At the end of January, I received a Cierzo Shirt for review from The Redback Company. It was a nice surprise and because it was gifted to me, it meant I could really put it through its paces before reporting back.
It arrived packed down, in its own little bag – and this is how I’ve carried it around as an emergency layer (after removing the brand tag).
Around the time the Cierzo arrived I published a primer on the subject, in the form of an interview with Ben O’Toole – The Redback Company’s CEO. I’ll be referring to it in part here, but it’s well worth a read as a standalone piece.
Amazingly, given its price, the Cierzo shirt is made in the UK by the company responsible for procuring silk for parachutes during WW2. This is a delicious irony, given the item’s history – which you can read more about in the primer.
First, let’s get the elephant in the room out of the way. The shirt is not a flattering fit.
The item is bat wing shaped and oversized. It’s a smock, so the design has to allow the shirt to be doffed and donned over the head.
This voluminous nature also allows it to be worn over layers of various degrees. In addition, it means size differentiation is kept to a minimum – which presumably keeps costs low.
As far as sizing is concerned, it’s ‘two sizes fit all’ – standard and long. Mine is “S” for standard. I’m 5’11” with a 42″ chest and there’s bags of room.
Speaking of keeping costs low, the price point is extremely reasonable. The shirt was £39.95 at time of writing. Compare this to my £140 Arc’teryx Nodin, which does exactly the same job. A £40 wind shirt is a consumable. A £140 one is not.
So that’s £100 extra for the more engineered Arc’teryx article, which I’d be afraid to wear in woodland for fear of damaging it. That said, the Nodin is a smart enough fit to wear for work and urban EDC; the Cierzo isn’t.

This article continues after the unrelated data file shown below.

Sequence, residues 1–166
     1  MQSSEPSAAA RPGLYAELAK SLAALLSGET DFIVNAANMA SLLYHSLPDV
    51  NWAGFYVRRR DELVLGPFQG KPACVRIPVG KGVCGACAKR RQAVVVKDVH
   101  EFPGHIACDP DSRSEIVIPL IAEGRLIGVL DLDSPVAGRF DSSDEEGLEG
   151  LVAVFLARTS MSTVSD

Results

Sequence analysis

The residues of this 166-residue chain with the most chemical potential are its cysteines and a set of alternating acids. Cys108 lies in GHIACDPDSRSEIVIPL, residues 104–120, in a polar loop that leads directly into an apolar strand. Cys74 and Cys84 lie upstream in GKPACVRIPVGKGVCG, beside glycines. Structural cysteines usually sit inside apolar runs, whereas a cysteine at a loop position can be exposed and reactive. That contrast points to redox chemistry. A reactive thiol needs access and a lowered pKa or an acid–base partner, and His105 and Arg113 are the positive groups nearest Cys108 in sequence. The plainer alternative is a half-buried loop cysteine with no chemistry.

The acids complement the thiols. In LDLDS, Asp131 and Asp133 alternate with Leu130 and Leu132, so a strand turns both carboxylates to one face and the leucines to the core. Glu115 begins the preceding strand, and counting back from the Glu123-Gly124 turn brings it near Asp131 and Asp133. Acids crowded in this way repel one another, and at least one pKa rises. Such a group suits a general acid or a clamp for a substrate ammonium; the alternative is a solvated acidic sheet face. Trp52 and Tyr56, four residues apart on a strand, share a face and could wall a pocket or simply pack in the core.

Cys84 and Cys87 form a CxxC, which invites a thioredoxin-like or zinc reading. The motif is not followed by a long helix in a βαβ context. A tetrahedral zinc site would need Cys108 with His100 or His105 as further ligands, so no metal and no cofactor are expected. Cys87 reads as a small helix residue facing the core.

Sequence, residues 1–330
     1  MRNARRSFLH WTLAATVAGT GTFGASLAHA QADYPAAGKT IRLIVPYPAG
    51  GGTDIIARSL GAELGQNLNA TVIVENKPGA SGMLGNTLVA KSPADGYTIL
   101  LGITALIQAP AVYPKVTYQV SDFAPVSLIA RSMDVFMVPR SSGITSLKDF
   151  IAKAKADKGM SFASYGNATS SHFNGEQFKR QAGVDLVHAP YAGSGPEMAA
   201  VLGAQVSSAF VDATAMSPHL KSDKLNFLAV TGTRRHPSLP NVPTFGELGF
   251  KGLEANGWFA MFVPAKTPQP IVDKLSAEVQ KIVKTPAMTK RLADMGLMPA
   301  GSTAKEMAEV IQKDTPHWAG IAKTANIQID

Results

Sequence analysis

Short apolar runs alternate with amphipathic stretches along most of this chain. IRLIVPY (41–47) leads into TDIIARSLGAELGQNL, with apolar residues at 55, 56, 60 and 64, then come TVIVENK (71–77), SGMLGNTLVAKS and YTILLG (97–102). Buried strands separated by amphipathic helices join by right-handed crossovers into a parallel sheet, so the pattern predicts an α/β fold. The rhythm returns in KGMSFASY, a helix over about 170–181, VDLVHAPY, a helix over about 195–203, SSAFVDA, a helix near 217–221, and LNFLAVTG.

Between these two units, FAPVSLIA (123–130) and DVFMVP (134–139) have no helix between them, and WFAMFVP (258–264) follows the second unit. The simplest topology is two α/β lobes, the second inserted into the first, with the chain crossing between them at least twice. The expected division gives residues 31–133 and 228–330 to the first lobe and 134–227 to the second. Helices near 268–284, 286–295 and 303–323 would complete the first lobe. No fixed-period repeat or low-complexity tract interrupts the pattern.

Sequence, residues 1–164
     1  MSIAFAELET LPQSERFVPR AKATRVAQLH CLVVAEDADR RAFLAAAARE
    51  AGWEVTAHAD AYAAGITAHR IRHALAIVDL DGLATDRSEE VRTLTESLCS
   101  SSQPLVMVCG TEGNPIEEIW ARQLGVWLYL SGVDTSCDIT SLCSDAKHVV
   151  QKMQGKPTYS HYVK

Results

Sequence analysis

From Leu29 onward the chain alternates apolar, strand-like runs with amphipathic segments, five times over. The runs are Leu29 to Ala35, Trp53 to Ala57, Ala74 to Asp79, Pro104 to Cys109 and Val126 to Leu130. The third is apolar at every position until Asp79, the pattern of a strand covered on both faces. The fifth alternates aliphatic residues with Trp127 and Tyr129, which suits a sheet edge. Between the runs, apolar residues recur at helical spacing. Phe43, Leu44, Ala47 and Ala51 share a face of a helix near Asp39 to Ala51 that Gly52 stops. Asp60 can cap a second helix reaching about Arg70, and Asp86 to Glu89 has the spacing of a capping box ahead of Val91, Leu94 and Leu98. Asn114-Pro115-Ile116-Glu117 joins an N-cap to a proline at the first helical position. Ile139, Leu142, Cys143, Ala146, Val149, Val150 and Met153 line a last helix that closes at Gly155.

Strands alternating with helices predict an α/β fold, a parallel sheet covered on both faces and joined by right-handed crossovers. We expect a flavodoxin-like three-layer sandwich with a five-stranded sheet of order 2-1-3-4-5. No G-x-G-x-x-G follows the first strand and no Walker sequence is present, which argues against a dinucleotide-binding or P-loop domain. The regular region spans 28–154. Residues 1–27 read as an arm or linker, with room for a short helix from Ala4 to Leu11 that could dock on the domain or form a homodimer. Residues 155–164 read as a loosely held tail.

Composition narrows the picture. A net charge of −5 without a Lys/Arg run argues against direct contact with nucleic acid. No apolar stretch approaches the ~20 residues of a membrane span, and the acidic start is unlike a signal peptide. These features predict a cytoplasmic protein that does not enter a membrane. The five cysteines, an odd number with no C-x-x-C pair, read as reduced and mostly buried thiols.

And nor was it designed to be.
The fabric is a super light, 100% polyester with a ripstop weave. It’s highly packable and tougher than it has an right to be (it’s used in the manufacture of parachutes) though it’s not indestructible.
It’s also fairly windproof, but breathes extremely well (something a goretex shell does not do well, regardless of marketing). The breathability means the Cierzo excels when worn during vigorous activity.
The fabric is slightly water resistant, but this can be improved using a hydrophobic DWR (durable water repellant). The Redback Company recommends Nikwax. However, it’ll never be as water resistant as a shell so don’t expect miracles. Having said that, when it does wet out it dries extremely quickly from body heat when shelter is found.
Needless to say, it dries fast after washing too.
The Cierzo – though simple – is well made, with high quality stitching throughout.
It’s a real testament to The Redback Company’s ability to partner with high quality U.K. manufacturing; and to the manufacturer itself, for turning out such excellent construction. You don’t see it that often and certainly not at this price point.
The Cierzo is a hooded smock. The large hood is most useful for keeping off light precipitation. It’s not practicable for very windy conditions – having no cord to bind it to your face – but it is fine in a light breeze; or if you need that extra bit of warmth.